Today in Feminist History: Women Win the Vote in New Zealand (September 14, 1893)

Today in Feminist History is our daily recap of the major milestones and minor advancements that shaped women’s history in the U.S.—from suffrage to Shirley Chisholm and beyond. These posts were written by, and are presented in homage to, our late staff historian and archivist, David Dismore.

September 19, 1893: In an unprecedented victory for the suffrage movement, all women in New Zealand, regardless of economic status or race, won full voting rights today!

The struggle goes back to 1869, when Mary Ann Miller wrote “An Appeal to the Men of New Zealand,” advocating female suffrage. Two years later, Mary Colclough gave the first public lecture on the subject. Earlier bills, which would have extended the suffrage to women taxpayers only, were introduced into Parliament in 1878, 1879, and 1887, then narrowly defeated. But thanks to the leadership of Kate Sheppard, as well as the tireless work of Women’s Christian Temperance Union (W.C.T.U.) campaigners, a winning strategy was devised and a bill granting universal and unrestricted woman suffrage was passed.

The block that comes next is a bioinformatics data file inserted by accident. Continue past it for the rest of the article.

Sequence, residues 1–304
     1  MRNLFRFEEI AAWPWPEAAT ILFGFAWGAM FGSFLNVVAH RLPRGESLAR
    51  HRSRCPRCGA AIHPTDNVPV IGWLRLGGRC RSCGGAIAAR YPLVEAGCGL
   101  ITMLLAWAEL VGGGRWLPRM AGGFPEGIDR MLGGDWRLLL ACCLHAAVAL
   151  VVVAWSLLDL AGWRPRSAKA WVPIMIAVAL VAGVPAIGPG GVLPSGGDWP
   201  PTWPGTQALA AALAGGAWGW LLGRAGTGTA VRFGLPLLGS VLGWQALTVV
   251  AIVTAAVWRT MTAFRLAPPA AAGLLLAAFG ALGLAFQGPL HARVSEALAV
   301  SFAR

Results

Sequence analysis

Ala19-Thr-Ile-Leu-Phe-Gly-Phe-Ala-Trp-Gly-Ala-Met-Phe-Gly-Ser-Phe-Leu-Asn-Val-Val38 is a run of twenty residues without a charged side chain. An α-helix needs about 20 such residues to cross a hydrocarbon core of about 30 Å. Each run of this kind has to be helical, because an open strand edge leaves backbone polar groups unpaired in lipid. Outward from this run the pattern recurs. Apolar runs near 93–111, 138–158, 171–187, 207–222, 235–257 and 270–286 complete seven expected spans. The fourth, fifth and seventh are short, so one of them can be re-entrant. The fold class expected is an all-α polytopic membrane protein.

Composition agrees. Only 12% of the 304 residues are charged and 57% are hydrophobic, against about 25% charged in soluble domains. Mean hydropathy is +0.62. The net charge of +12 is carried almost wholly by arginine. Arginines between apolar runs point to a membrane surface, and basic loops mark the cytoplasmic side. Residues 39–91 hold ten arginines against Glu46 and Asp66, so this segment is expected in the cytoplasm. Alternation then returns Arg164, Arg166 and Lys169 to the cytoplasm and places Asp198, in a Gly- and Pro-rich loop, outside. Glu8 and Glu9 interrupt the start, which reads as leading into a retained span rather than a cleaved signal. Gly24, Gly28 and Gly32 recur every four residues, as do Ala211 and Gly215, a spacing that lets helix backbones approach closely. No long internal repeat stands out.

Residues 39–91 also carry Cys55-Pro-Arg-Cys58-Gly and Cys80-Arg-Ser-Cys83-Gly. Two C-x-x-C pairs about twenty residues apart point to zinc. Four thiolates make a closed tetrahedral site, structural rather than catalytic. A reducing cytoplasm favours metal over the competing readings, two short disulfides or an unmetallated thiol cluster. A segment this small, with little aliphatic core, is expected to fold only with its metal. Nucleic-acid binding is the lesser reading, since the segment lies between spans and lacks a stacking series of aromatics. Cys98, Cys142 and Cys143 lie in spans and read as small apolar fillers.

The start of the most recent phase of the campaign was quite modest. In 1887 two petitions signed by 350 women were presented to the House of Representatives. By the next year there were 800 signatures. But after this slow start, suffrage began to pick up major support. In 1889, the enthusiasm of the newly-established Tailoresses’ Union was added to that of the W.C.T.U. In 1891, nine thousand women signed eight petitions. A year later the Women’s Franchise League was established, and six petitions with 19,000 signatures were presented. Earlier this year thirteen petitions containing 32,000 signatures were submitted.